Videos made in the Howcast Studios include accompanying music, good narratives and actors who add humor to an otherwise humdrum how-to. Among its helpful features is a video player that has smart blue markers to show where facts are sprinkled throughout the video and green markers to illustrate where tips appear. For example, the fact at the end of a video for beginner guitarists called “How to Play a Basic Bar Chord” is “The late Kurt Cobain claimed he was trying to rip off the Pixies when he wrote ‘Smells Like Teen Spirit. ‘” In full-screen view, users can zoom in on any part of a video, and written-out steps and thumbnail stills of the scene appear to the right of the screen.
Howcast tries to run ads alongside videos that relate to the content. A video titled “How To Clean Your Dog’s Teeth” has an ad for PetSmart (PETM) Stores running on its page.
WonderHowTo.com was developed by a former television executive with the intention of using the site to produce its own video, like Howcast.com. Instead, WonderHowTo.com opted to tap the vast selection of how-to videos already available on the Web.
A Browse button pulls down 35 categories from which users can sort content, including Spirituality, Dating & Relationships and Fitness. In the Fashion subcategory under Beauty & Style, I found 290 videos including one on “How to Tie a Windsor Knot” and another titled “How to Turn Old Underpants Into a Bra” — neither of which I’ll be using anytime soon. Other categories include Clip of the Day, Recommendations (for users who are logged in) and Fresh, where new videos are listed. Users can grade videos to help others tell which they think are the best, and a Top Grade category compiles the top-ranked videos.
WonderHowTo’s content comes from over 700 sites, according to the company. I used the site to find a video on YouTube about how to do a front-flip, clips on VideoJug.com that provided terrific tennis tips from a coach, and a video from EasyBarTricks.com about how to stick a beer bottle to a wall without glue or gum. (Hint: You’ll need a corner and a wall you don’t mind marking up.) WonderHowTo made it easier to find these videos than by performing a general search on the Web.
I submitted a non-how-to video to this site by simply entering a URL, without logging in. I never found the video I submitted on the site; WonderHowTo explained that it screens all videos prior to posting them, so it must have found my video.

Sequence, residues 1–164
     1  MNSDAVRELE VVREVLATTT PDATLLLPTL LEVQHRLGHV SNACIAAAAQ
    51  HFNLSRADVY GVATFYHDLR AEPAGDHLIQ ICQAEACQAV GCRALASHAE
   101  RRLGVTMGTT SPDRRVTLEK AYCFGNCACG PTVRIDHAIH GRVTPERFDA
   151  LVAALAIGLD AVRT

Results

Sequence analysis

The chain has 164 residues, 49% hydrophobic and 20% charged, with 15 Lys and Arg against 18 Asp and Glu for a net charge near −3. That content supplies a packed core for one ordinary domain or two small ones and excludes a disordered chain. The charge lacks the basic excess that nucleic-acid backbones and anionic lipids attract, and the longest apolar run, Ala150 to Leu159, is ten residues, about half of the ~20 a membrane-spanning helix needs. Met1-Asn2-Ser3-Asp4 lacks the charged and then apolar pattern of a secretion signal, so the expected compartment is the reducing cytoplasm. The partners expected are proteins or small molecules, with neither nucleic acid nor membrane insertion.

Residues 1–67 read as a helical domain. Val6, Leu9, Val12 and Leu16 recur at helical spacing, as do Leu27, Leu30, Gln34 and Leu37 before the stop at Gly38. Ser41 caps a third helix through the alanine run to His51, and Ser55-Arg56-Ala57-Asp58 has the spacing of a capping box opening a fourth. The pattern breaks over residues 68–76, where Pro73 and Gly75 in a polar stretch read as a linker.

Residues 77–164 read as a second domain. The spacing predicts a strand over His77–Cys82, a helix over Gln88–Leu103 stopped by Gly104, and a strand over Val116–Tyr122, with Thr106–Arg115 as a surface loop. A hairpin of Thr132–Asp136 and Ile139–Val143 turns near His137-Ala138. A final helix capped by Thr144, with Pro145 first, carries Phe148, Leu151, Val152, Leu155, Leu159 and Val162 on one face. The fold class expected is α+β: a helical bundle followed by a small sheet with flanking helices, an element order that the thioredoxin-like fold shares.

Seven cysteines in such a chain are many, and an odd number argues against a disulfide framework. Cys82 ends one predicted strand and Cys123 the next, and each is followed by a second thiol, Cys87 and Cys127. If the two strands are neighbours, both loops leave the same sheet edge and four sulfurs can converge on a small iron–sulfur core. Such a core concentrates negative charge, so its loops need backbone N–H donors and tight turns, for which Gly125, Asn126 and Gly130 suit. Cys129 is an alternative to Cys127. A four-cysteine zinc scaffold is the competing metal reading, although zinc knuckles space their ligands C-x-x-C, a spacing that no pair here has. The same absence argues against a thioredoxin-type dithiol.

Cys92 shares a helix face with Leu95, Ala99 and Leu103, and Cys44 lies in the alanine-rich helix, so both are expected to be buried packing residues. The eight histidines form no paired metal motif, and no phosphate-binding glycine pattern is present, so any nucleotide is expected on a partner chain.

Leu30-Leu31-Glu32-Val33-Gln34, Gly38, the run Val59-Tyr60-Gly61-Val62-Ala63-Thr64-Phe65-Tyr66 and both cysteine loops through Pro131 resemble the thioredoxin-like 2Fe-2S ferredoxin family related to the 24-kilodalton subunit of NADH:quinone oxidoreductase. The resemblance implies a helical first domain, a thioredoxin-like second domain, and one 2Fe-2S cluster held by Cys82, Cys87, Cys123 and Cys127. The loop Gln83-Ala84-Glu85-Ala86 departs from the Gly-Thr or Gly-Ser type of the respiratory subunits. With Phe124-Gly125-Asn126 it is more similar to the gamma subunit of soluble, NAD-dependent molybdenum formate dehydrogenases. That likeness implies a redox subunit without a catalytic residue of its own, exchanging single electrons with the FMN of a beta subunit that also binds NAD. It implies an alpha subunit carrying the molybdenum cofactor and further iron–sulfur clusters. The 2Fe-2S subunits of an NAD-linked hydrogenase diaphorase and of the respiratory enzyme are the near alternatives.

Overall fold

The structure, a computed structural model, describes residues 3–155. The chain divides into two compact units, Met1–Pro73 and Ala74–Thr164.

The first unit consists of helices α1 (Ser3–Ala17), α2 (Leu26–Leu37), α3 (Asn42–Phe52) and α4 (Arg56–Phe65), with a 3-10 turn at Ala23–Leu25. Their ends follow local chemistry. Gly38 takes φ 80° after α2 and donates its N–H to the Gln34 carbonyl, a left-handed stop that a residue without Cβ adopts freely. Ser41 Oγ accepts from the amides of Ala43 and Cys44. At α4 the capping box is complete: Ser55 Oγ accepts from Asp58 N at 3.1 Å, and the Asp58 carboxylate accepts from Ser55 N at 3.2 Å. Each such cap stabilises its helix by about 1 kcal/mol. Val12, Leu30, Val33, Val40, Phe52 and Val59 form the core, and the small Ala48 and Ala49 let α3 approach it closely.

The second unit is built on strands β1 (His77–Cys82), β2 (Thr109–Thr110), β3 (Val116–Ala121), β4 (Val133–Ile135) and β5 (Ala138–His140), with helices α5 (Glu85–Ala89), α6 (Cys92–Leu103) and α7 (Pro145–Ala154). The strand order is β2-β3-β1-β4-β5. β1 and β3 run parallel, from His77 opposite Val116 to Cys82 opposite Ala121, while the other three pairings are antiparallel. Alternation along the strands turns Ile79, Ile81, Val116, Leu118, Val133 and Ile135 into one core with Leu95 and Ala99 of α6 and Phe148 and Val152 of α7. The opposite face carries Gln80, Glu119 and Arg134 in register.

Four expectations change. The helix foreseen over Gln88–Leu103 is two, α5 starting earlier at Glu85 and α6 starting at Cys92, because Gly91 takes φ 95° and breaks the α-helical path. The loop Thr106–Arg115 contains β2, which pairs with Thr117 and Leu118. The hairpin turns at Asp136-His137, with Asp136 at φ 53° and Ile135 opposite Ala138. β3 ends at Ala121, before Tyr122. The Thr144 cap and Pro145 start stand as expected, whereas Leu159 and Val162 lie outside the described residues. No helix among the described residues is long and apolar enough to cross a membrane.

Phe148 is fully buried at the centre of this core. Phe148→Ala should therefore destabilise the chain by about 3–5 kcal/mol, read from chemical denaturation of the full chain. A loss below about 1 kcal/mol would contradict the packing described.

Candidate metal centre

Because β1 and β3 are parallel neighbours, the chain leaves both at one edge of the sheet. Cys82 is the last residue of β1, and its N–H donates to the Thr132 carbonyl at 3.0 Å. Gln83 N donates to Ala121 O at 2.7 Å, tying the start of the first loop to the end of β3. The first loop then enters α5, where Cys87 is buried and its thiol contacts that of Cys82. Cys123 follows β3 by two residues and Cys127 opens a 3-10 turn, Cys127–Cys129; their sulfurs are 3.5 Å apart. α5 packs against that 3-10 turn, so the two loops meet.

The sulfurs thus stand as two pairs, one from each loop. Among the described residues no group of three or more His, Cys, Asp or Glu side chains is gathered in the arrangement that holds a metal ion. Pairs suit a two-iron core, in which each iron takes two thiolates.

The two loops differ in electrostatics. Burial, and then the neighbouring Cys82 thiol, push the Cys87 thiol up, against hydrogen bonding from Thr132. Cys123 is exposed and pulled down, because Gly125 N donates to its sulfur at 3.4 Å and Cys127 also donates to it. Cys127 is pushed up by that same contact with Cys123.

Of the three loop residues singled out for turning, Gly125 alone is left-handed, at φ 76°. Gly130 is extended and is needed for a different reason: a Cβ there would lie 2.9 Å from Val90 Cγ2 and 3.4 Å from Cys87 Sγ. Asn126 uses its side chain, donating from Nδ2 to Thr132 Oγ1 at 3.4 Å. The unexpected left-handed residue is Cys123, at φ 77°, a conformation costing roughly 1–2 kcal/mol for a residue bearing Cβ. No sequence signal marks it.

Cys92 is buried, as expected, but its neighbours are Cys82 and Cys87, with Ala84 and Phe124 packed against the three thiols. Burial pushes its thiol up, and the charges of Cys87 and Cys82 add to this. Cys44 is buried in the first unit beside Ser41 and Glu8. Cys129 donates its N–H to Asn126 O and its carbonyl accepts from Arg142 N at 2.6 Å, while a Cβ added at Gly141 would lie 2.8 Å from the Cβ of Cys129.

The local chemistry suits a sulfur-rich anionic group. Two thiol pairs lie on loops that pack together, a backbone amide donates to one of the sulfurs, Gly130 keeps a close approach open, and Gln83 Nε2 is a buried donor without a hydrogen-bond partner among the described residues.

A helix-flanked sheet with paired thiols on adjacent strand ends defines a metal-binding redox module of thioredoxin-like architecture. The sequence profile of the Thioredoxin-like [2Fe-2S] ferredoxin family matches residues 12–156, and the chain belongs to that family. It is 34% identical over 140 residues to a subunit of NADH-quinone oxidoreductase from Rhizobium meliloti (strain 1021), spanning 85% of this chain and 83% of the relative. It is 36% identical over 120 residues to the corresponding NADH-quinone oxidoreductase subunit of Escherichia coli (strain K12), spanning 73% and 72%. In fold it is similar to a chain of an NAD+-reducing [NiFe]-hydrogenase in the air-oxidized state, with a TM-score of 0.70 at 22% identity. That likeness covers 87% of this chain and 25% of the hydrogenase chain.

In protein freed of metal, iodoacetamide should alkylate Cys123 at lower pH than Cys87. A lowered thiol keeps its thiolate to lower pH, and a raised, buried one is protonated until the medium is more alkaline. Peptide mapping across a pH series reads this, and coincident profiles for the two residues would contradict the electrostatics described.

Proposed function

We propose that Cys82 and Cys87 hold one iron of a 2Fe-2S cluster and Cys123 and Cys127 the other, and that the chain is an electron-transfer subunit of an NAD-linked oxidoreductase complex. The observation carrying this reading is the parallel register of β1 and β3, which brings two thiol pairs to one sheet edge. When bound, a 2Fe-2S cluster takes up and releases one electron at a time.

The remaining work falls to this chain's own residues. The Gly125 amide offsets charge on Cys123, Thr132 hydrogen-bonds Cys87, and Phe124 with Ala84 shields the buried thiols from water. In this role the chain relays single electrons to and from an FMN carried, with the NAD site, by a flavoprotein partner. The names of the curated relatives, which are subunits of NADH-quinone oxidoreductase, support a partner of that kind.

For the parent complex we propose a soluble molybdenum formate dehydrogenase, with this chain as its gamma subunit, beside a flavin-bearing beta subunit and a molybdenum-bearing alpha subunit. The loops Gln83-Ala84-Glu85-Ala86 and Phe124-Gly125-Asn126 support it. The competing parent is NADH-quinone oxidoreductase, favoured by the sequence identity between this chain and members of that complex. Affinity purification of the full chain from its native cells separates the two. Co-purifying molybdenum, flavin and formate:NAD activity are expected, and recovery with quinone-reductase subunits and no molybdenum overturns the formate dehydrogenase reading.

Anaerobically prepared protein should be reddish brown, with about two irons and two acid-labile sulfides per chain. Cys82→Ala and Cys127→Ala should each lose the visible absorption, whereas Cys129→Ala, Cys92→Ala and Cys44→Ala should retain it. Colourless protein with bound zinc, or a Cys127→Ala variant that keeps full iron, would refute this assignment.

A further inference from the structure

EHow.com uses its database of articles to encourage people to watch videos, when they’re relevant. This site uses calm, pastel colors to give a relaxed feeling — especially compared with WonderHowTo, where banner ads surround the page. EHow’s 26 categories include Parenting, Parties & Entertaining and Weddings. Twelve subcategories within Weddings led to 23 articles about Bridal Party Responsibilities — a popular topic was “How To Deal With a Bridezilla.” Related videos, such as “How To Get Rid of Wedding Day Jitters,” ran along the right of the page.
Videos can also be found on eHow within a marked tab at the top of the page. But unlike the articles on eHow, these videos weren’t well organized or as easily searchable. I watched one of eHow’s Featured Videos called “How to Know if Your Toe Is Broken,” but after closing a pop-up ad for UPS (UPS) during Step One of the video, another ad popped up during Step Five. Neither ad had anything to do with broken toes.
But the eHow videos were professional-looking and included quite a few tips that I didn’t know. That broken toe video was submitted by the eHow Health Editor, and a link at the top of the page led me to hundreds of other health-related articles. I found another video on “How To Remove Wallpaper,” which was posted by the Home & Garden Editor and included a list of things I would need to proceed, along with numbered steps.
It isn’t always easy to learn from the information you find online, and how-to videos can be a big help — especially when they’re well-made and easy to find using one of these sites. Howcast.com has well-presented content that was enjoyable to watch, but WonderHowTo.com offers a better variety of instructional videos.